Who's Who - Prince Georgy Lvov

Prince Georgy Lvov Prince Georgy Evgenevich Lvov (1861-1925) led the Russian Provisional Government during the Russian revolution's initial phase, from March 1917 until he relinquished control to Alexander Kerenski in July 1917.

A spokesman before the First World War on behalf of the rural landed gentry at the Romanov court, Lvov served as Minister of the Interior from 1886-93 and was a member of the Duma from 1905.  Throughout his political career he remained chiefly concerned with boosting the representation of rural interests in government, and thus while regarded as a reformer he was noted for his moderation.

Head of the All-Russian Union of Zemstvos (rural assemblies) when war broke out in August 1914, Lvov initially devoted himself to voluntary relief work (as he had during the earlier Russo-Japanese War) before, in 1915, voicing rural disquiet at the government's over-reliance economically upon the country's heavy industrial areas (such as Moscow and Petrograd).

June 1915 saw Lvov's appointment as chairman to a new body established to protect rural and urban interests, Zemgor.  His appointment was intended to encourage wider economic participation of rural and urban areas in the war effort.  Within months it played an important role in the production and delivery of crucial medical supplies to the army, although it was regarded with some suspicion by the government.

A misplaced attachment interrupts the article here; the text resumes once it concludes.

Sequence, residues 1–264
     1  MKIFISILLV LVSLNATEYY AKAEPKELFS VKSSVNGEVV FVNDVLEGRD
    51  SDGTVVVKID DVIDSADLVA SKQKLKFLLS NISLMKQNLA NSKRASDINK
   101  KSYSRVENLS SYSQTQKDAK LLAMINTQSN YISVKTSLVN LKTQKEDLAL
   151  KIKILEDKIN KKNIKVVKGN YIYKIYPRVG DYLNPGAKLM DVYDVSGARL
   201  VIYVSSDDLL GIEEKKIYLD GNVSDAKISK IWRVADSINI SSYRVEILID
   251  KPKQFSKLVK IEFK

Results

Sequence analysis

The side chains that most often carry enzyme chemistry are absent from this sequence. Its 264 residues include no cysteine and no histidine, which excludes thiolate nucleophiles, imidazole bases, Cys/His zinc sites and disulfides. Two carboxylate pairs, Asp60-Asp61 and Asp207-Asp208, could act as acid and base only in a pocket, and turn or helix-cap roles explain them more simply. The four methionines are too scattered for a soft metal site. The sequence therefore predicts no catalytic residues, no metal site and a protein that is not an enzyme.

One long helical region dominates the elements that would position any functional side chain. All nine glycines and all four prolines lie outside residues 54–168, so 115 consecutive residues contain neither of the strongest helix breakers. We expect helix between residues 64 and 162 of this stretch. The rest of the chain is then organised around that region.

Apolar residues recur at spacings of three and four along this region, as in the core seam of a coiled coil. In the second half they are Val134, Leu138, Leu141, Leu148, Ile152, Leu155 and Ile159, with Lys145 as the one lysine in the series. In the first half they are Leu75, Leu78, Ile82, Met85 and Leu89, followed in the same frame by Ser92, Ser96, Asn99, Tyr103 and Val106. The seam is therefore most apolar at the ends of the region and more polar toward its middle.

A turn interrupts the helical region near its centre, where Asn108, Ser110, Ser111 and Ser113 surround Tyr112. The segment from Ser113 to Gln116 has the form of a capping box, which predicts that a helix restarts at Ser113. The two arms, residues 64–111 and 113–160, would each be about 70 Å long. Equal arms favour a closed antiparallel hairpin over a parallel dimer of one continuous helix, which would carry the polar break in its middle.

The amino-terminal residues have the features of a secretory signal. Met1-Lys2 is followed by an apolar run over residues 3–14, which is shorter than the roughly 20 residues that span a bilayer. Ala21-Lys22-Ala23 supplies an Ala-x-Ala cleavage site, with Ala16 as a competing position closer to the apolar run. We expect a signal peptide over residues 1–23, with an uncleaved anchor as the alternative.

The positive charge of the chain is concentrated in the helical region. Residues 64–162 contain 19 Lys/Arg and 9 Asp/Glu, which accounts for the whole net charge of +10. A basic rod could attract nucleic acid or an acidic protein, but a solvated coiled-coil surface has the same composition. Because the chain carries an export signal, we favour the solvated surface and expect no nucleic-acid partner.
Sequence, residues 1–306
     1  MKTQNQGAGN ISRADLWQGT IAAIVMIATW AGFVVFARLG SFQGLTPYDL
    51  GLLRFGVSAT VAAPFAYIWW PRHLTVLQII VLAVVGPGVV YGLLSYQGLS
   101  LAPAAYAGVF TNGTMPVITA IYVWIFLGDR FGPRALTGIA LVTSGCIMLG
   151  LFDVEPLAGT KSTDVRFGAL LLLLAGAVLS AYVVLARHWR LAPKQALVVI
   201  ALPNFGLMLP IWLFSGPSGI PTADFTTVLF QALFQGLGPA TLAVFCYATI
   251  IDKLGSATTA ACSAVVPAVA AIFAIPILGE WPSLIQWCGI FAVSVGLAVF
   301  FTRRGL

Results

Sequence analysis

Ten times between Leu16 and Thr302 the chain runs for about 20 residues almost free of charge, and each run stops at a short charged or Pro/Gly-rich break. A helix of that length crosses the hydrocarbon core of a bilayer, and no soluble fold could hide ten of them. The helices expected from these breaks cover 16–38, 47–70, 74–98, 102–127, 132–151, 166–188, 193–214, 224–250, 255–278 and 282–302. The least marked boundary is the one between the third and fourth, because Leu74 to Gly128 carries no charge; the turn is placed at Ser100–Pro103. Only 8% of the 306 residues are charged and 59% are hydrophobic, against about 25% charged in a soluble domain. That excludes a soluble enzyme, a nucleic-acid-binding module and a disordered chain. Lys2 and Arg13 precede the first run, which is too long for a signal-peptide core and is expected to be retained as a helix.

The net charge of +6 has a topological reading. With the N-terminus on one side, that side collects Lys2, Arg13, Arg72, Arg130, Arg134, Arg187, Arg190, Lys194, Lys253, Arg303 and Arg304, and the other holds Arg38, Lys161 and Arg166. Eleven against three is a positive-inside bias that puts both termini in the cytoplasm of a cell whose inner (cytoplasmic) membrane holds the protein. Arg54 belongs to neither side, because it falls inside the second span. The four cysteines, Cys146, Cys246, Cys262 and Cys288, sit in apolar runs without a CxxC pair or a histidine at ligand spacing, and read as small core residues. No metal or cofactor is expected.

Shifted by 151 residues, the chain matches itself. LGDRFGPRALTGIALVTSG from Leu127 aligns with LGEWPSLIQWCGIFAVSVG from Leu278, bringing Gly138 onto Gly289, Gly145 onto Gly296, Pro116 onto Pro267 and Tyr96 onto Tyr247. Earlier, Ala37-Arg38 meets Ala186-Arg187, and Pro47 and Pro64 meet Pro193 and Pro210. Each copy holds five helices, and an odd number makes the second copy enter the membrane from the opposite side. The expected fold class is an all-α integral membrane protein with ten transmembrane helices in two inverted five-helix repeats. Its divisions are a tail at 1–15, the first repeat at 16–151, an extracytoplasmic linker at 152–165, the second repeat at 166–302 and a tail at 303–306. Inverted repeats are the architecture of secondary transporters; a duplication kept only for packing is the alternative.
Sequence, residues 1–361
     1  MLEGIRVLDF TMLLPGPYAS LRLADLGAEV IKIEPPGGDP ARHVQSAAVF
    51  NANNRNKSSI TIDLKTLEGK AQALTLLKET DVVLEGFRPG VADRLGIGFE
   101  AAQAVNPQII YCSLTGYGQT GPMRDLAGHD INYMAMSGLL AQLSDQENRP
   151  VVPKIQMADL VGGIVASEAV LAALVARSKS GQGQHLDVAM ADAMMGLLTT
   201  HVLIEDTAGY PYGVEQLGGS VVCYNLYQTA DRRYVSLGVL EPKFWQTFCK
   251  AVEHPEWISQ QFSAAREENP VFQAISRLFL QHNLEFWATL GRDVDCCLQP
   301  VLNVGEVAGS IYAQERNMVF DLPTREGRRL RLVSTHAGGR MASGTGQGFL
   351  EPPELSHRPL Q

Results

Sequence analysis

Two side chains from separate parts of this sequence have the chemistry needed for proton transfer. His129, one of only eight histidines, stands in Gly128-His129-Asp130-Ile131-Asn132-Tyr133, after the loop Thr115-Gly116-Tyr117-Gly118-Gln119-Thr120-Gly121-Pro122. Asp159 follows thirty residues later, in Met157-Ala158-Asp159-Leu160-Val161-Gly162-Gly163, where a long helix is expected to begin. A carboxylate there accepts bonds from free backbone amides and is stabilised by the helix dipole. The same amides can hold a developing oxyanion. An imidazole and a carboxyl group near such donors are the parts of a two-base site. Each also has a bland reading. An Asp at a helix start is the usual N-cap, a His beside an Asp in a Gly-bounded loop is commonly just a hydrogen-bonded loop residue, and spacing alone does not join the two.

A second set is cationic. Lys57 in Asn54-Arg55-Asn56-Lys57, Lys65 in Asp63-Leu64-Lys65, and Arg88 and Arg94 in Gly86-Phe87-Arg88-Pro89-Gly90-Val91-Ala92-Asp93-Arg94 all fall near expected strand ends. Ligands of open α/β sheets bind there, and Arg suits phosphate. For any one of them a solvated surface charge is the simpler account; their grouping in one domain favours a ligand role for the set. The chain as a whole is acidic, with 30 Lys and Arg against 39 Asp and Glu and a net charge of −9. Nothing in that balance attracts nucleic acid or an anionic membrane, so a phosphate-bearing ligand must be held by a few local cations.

As revolution approached, Lvov - with a background as a liberal monarchist - came to believe that Russia would suffer military defeat at the hands of Germany and Austria-Hungary unless Tsar Nicholas II abdicated and a new government put in place.

With the February Revolution of 1917 (and the Tsar's consequent abdication) Lvov was appointed Prime Minister and Minister of the Interior, chiefly as a means of ensuring liberal urban and rural support for the new political regime.  Although Alexander Kerenski was appointed to the government as something of a token socialist his influence quickly grew to the point where he overshadowed Lvov.

Although Lvov remained nominal Prime Minister with the May 1917 cabinet reshuffle Kerenski effectively ran the government in co-ordination with the Petrograd Soviet, a situation formalised on 8 July 1917 with Kerenski's promotion to Prime Minister.

Initially arrested with the onset of the Bolshevik October Revolution, Lvov nevertheless escaped and sought exile in France, where he subsequently headed a delegation of Russian parliamentary exiles at the Paris Peace Conference.

He died in exile in France on 7 March 1925 at the age of 63.

The Austro-Hungarian declaration of war was the first ever delivered by telegram.

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